David Ignatius: Haiti Quake has Parallels with Lisbon

Roundup: Media's Take

[David Ignatius is associate editor and columnist for the Washington Post]

...Talking about the Haitian earthquake, my friend Garrett Epps, a professor of constitutional law at the University of Baltimore, recommended a book called "Evil in Modern Thought," by the philosopher Susan Neiman. Her starting point in discussing how people respond to evil events was the 1755 earthquake that destroyed Lisbon, Portugal, and killed at least 15,000 people.

The Lisbon earthquake was so catastrophic that it traumatized all of Europe. The quake itself lasted 10 minutes and buried thousands in the rubble. It was followed by fires that raged across the city and then by a series of tidal waves that ravaged the port and drowned hundreds who had taken refuge on the coast. It seemed obvious to most people, in that religious time, that this devastation of a magnificent city was an act of God -- a terrible punishment for human transgressions. But why Lisbon?

"Orthodox theologians welcomed the earthquake in terms they barely troubled to disguise," writes Neiman. "For years they had battled Deism, natural religion, and anything else that tried to explain the world in natural terms alone." The theologians debated what sins might have brought down so much divine wrath. A few argued that the quake was punishment for Portuguese plunder in the New World and "the millions of poor Indians your forefathers butchered for the sake of gold."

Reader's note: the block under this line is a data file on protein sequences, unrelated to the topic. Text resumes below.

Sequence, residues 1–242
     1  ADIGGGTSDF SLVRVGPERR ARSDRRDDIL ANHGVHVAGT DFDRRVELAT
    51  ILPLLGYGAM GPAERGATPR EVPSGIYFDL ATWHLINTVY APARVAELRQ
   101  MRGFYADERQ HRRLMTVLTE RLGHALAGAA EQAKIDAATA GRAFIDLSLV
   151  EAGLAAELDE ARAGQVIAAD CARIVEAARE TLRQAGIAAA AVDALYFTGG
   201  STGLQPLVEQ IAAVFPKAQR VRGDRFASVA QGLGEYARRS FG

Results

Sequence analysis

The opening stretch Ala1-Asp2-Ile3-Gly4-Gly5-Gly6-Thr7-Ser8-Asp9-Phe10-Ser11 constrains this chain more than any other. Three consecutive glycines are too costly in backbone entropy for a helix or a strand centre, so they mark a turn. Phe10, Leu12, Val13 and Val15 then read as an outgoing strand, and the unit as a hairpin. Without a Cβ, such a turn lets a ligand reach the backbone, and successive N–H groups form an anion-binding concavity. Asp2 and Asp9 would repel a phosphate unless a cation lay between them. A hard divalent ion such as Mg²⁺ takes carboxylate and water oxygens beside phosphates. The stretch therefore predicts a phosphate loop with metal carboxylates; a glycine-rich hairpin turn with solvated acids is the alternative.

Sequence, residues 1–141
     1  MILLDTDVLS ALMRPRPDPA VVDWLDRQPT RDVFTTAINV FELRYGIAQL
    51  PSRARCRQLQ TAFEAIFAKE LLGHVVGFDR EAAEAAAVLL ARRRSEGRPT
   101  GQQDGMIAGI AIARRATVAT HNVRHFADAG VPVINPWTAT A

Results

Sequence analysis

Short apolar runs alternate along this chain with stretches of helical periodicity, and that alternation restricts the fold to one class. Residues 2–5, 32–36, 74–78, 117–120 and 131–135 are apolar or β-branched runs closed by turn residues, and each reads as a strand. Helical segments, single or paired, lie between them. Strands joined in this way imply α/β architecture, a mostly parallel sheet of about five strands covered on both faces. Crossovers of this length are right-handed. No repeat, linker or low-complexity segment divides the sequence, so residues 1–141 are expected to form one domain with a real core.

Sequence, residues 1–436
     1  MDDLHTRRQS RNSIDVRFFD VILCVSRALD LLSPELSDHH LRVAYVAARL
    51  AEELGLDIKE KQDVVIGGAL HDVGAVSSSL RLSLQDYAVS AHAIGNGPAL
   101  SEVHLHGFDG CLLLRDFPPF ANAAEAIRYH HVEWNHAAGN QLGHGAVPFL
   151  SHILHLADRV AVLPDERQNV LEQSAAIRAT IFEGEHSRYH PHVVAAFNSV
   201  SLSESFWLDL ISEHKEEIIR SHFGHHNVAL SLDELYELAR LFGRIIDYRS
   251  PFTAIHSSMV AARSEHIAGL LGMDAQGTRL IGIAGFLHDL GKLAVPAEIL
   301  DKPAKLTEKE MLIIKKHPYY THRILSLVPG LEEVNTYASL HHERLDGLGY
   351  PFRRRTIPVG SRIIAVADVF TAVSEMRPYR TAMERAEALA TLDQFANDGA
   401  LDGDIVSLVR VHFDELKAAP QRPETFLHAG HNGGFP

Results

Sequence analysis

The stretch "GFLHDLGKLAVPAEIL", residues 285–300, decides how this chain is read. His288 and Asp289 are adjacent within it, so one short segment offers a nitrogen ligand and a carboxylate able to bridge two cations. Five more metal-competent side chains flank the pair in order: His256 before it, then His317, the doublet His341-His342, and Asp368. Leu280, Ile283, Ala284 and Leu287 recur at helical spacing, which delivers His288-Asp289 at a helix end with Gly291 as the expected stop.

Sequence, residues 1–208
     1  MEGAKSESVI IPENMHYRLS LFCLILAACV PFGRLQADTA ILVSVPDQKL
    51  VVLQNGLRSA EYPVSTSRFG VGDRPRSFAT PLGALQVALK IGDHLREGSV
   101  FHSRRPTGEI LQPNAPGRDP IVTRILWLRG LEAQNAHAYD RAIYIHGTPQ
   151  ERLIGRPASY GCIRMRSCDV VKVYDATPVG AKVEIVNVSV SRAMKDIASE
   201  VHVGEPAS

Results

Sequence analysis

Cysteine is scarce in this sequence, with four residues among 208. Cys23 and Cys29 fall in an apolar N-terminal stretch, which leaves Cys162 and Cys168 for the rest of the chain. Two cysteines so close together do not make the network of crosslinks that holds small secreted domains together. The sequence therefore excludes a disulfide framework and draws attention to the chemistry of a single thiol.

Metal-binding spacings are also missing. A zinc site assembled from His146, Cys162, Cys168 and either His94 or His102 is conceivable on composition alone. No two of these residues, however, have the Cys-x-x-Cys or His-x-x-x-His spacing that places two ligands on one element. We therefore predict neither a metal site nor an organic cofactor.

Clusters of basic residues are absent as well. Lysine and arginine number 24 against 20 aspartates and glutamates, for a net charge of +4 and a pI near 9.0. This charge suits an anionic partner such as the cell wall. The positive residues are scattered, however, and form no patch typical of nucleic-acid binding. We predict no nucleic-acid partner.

Philosophers, too, struggled to comprehend the meaning of this disaster. Immanuel Kant wrote three essays about earthquakes for a weekly paper in Konigsberg; his main point was that earthquakes didn't happen in Prussia and thus could be explained without divine involvement. Rousseau and Voltaire argued over whether such evil events could be understood at all, says Neiman.

The hero of the Lisbon tale was the man who led the relief efforts, the marquis of Pombal, who served as prime minister under King Joseph I of Portugal. Pombal had no use for the anguishing debate. He famously said: "What now? We bury the dead and feed the living." And he did just that, rapidly disposing of the corpses, seizing stocks of grain to feed the hungry and ordering the militia to halt looting and piracy. Within a year, the city was being restored....
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